The GMC has amended its guidance so that decision makers have ‘more flexibility’ to reconsider decisions to refer a case to a tribunal.
The regulator published an update today responding to recent reviews around its decision-making processes, including 23 recommendations which were published earlier this year, following the organisation’s apology for its mistakes in the case of Dr Manjula Arora.
Today the GMC said that it has made changes to ‘achieve targets to tackle areas of inequality that exist for doctors’, which include amending guidance to reconsider decisions to refer a case to a tribunal if the GMC receives new information that means a tribunal isn’t necessary.
Some of the 23 recommendations are already being implemented and many have deadlines for completion this year.
GMC chief executive Charlie Massey said: ‘We are a learning organisation and embedding fairness is at the heart of our work.
‘Success won’t be achieved overnight but we will continue to act on independent recommendations and work towards our equality, diversity and inclusion targets, with the support of other organisations, to see positive change.
‘We will also continue to call on the UK government to prioritise this work, so that we can achieve our aim of being a more effective, relevant and compassionate regulator in the years ahead.’
Medical Defence Union’s (MDU) director of medical services Dr Caroline Fryar said: ‘It is right that the GMC is taking the opportunity to reflect on the changes to its policies, guidance and processes in that time to try to learn from past mistakes.
‘At the MDU we witness first-hand the impact fitness to practise proceedings can have on doctors. Doctors should only be put through this process where it is necessary.
‘Today’s summary of the recent changes the GMC has made, is positive news.
‘A fairer, more proportionate, more timely regulatory process: that’s what the MDU wants for doctors, and it is these standards that we measure any GMC reforms against. Only time will tell if the changes outlined will deliver this.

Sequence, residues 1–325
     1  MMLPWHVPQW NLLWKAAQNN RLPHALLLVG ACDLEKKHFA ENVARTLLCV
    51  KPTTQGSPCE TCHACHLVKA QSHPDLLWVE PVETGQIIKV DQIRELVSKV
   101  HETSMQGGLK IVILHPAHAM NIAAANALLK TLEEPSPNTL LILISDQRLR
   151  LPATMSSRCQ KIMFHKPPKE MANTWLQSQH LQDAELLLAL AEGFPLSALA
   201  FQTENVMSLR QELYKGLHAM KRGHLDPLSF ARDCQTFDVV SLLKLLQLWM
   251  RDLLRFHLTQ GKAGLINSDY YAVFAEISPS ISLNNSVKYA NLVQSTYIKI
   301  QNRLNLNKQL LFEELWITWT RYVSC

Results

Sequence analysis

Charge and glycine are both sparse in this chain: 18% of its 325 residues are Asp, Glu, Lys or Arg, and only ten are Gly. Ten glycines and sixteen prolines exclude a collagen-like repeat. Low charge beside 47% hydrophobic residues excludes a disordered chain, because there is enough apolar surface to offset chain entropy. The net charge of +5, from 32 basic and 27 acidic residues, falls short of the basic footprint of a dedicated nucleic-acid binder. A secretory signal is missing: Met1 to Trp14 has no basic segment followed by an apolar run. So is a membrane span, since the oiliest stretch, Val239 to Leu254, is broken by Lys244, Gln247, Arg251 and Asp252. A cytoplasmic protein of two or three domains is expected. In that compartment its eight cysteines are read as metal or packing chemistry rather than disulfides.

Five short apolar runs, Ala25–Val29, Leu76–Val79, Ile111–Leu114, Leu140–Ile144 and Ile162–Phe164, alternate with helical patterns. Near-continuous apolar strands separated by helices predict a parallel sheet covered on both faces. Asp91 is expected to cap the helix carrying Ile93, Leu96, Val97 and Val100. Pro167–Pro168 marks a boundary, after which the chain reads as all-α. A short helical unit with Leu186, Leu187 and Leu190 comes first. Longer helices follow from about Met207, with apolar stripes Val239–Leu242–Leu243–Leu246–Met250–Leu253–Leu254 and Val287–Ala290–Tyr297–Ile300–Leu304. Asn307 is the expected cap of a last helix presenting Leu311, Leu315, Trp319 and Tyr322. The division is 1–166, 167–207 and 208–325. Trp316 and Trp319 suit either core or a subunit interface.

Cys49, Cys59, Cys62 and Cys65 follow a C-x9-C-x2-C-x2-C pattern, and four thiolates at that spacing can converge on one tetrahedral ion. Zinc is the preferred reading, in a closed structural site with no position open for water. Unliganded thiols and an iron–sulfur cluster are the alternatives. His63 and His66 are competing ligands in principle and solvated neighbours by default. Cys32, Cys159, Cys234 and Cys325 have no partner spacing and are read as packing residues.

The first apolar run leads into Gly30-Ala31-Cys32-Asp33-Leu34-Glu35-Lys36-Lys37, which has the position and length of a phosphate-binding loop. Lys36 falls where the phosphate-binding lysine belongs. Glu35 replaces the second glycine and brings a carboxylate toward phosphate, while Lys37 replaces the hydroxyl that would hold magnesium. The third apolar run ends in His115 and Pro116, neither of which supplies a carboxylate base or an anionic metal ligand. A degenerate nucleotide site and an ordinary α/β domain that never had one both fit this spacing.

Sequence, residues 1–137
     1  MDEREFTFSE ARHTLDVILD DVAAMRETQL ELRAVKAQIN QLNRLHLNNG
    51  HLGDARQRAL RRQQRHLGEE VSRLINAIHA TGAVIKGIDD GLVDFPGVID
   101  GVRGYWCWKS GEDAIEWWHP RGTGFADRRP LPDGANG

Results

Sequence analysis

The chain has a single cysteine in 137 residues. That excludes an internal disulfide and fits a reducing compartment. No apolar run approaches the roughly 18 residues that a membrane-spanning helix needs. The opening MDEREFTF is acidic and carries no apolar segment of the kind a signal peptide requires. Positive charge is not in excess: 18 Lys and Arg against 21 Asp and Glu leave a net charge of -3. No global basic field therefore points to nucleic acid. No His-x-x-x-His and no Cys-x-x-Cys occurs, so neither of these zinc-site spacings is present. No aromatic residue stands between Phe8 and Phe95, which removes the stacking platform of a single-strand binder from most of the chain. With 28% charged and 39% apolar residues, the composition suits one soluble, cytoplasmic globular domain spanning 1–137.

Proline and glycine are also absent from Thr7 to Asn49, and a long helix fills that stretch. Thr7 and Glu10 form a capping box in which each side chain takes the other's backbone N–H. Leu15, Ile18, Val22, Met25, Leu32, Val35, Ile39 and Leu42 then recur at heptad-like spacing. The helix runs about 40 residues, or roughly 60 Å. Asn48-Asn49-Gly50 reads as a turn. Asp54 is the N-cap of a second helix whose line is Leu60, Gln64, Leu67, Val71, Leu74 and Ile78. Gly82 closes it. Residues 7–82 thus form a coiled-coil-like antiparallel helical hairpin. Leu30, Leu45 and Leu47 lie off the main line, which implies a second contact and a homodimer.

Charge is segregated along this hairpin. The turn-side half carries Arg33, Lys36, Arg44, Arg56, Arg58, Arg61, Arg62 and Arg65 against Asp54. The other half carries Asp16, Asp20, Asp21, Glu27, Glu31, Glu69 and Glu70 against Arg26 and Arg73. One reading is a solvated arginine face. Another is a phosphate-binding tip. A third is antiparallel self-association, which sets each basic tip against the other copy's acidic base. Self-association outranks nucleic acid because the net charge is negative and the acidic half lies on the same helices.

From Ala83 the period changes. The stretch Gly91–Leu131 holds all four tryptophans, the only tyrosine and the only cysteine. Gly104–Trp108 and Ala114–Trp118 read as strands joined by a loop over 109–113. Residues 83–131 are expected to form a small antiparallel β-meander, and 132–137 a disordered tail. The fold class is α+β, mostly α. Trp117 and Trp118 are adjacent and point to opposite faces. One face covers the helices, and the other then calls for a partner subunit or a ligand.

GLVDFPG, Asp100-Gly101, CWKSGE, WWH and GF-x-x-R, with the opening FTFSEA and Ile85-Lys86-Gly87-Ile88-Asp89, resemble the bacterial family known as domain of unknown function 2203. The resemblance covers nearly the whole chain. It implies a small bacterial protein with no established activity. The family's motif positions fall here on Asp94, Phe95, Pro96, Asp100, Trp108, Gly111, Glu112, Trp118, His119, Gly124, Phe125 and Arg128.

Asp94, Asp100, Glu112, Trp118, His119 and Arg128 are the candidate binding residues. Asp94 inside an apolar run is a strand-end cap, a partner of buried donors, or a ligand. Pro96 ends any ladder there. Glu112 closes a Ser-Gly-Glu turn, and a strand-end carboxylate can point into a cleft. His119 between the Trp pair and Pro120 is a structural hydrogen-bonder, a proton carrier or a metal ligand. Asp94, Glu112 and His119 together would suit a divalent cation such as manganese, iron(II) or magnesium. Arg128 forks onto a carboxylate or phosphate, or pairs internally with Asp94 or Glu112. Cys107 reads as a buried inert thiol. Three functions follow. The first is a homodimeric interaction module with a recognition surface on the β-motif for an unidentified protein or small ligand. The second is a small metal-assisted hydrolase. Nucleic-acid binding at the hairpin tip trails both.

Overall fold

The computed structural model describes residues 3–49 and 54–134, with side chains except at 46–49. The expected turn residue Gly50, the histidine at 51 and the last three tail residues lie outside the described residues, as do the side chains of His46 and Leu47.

‘This update demonstrates that, in response to feedback, the GMC can make changes to its procedures and systems. However, we urgently need more ambitious, fundamental reform.
‘The government must introduce reforms to the GMC’s legislation without further delay. This was promised in 2022, and doctors are still waiting.’
In November 2022, a separate independent review found that the accusations against Dr Manjula Arora around the ‘promise’ of a laptop should never have reached the GMC.
The latest changes ‘to tackle areas of inequality’
Improvements detailed in the latest update include:
- Amending guidance so that decision makers have more flexibility to reconsider decisions to refer a case to a tribunal if the GMC receives new information that means a tribunal isn’t necessary.
- Developing a set of escalation principles to help enable a culture of professional curiosity across the GMC’s fitness to practise processes, where colleagues feel able to challenge decisions or raise concerns about a case at the earliest opportunity. The GMC’s aim is to encourage more empowered and engaged teams, who understand the collective responsibility to get to a fair outcome.
- Making sure that when instructing counsel – the barristers who represent the GMC at tribunal hearings – about a case, they are specifically asked to provide an assessment of its overall merits and strengths before it proceeds further, and to raise concerns if they have any.
- Updating the guidance that decision makers use in cases involving allegations of low-level violence and dishonesty. The GMC are proposing changes to support a more proportionate approach, so they will only take action where there is a clear risk to public protection. The updates will support decision makers when deciding whether to investigate, and, following an investigation, whether to refer the case to a tribunal.
- Tailored equality, diversity, and inclusion (ED&I) learning for all staff to make sure decisions are fair and unbiased. The GMC has also expanded learning for decision makers so they have a greater understanding of how culture may impact a doctor’s communication, attitudes, and behaviours – this is considered when investigating concerns.
- Running audits in a more regular and consistent way across the organisation. And continuing to ask for more feedback on the GMC’s work from people who experience its processes.